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Please help with t-substitution

  1. Oct 19, 2007 #1
    1. The problem statement, all variables and given/known data

    [itex]\int_{0}^{2\pi} \frac{\cos^2\alpha}{A + \sin^2\alpha}d\alpha[/itex]

    3. The attempt at a solution

    I believe when the trig functions all appear squared one may use the substitution [itex] t =\tan \alpha[/itex]. Then

    [itex]
    t^2 + 1 = \sec^2\alpha \implies \cos^2\alpha = \frac{1}{t^2 +1}
    [/itex]
    [itex]
    \sin^2\alpha = t^2\cos^2\alpha = \frac{t^2}{t^2+1}
    [/itex]
    [itex]
    dt = \sec^2\alpha d\alpha \implies d\alpha = \frac{dt}{1 + t^2}
    [/itex]

    Now use

    [itex]\int_{0}^{2\pi} = \int_0^\pi + \int_\pi^{2\pi} [/itex].

    [itex]\int_{0}^{\pi} \frac{\cos^2\alpha}{A + \sin^2\alpha}d\alpha = \int_{0}^\infty\frac{dt}{A(1+t^2)^2 +t^2(1+t^2)}[/itex]
    [itex]= \int_{0}^\infty\frac{dt}{(1+t^2)(A+t^2+At^2)}[/itex]

    [itex]
    1 = C_1(A+ (1+A)t^2) + C_2 (1+t^2) \implies C_1 = -1,C_2 = -\frac{1+A}{A}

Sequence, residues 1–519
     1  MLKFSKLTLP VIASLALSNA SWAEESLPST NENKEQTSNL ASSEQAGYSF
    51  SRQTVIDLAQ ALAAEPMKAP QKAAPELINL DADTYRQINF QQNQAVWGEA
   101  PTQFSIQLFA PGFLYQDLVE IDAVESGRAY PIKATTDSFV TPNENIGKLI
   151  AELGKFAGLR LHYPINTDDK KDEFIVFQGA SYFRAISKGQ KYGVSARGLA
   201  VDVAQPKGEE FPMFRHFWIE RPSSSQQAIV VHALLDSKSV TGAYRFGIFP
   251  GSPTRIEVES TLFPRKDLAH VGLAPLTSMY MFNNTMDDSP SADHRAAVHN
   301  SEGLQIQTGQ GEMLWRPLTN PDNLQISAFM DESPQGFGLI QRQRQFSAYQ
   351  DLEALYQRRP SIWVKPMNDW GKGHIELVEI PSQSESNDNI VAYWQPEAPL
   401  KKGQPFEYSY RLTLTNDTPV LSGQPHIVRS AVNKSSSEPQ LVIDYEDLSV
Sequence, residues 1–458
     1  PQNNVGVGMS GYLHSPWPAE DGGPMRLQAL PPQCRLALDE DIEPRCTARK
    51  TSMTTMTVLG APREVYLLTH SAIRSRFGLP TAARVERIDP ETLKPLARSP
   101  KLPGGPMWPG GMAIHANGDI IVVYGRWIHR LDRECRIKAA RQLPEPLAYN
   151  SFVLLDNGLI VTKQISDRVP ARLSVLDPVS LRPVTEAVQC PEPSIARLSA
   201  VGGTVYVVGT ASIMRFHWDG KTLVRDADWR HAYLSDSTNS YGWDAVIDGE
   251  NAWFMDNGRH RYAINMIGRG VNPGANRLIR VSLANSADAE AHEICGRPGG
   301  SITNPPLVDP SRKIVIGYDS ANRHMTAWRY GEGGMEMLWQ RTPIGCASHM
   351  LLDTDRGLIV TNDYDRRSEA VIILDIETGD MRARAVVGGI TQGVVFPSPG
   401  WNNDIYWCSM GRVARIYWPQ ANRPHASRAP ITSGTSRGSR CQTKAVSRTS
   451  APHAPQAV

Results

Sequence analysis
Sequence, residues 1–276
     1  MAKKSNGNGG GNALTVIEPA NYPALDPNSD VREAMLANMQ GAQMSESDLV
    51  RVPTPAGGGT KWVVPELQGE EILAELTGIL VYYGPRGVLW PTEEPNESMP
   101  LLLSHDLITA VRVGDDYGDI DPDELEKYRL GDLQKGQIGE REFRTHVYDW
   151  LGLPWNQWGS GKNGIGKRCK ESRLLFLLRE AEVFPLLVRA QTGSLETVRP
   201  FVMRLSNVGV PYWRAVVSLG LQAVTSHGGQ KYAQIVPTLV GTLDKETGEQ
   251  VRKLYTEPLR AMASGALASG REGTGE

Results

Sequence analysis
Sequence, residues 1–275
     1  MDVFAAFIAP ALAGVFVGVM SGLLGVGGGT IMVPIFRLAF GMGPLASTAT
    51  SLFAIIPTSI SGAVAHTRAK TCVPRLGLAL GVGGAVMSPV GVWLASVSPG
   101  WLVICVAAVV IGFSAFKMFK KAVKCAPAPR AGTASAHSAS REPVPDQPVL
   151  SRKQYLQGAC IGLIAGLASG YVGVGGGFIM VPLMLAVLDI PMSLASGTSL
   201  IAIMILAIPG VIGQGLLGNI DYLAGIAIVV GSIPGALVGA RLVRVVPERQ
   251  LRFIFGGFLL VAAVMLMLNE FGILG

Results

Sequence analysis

[\latex]

    [itex]I = \int_{0}^\infty \frac{-1}{1+t^2}- \frac{(1+A)/A}{A+(1+A)t^2}[/itex]
    [itex]I = - \frac{\pi}{2}- (1+A)/A\int_{0}^\infty\frac{dt}{A+(1+A)t^2}[/itex]
    [itex]I = - \frac{\pi}{2}- \frac{(1+A)/A}{\sqrt{1+A}}\frac{1}{\sqrt{A}}\left.\tan^{-1}\frac{t}{\sqrt{A}}\right|_{0}^\inft[/itex]

    [itex]I = - \frac{\pi}{2}- \frac{(1+A)/A}{\sqrt{1+A}}\frac{1}{\sqrt{A}}\frac{\pi}{2}[/itex]

    Thanks.
     
    Last edited: Oct 19, 2007
  2. jcsd
  3. Oct 20, 2007 #2

    dynamicsolo

    User Avatar
    Homework Helper

    I'm with you up to the point where you derive the constants for the integration by partial fractions. (And I dropped the quotation because there's a hidden character that's really messing everything up here...)

    For the [tex]t^{2}[/tex] terms, you have

    [tex]C_{1}(1+A) + C_{2} = 0[/tex]

    and for the constant terms,

    [tex]C_{1}A + C_{2} = 1 [/tex].

    So [tex]C_{2} = 1 - AC_{1} [/tex],

    giving [tex] C_{1} + AC_{1} + ( 1 - AC_{1} ) = 0 [/tex].

    Sure, you get [tex]C_{1} = -1[/tex], but wouldn't that lead to just

    [tex] C_{2} = 1 - A(-1) = 1 + A [/tex]?

    As another suggestion: upon plotting this function, I find that the area from x = 0 to x = [tex]2\pi[/tex] is four times the area from x = 0 to x = [tex]\frac{\pi}{2}[/tex].
     
    Last edited: Oct 20, 2007
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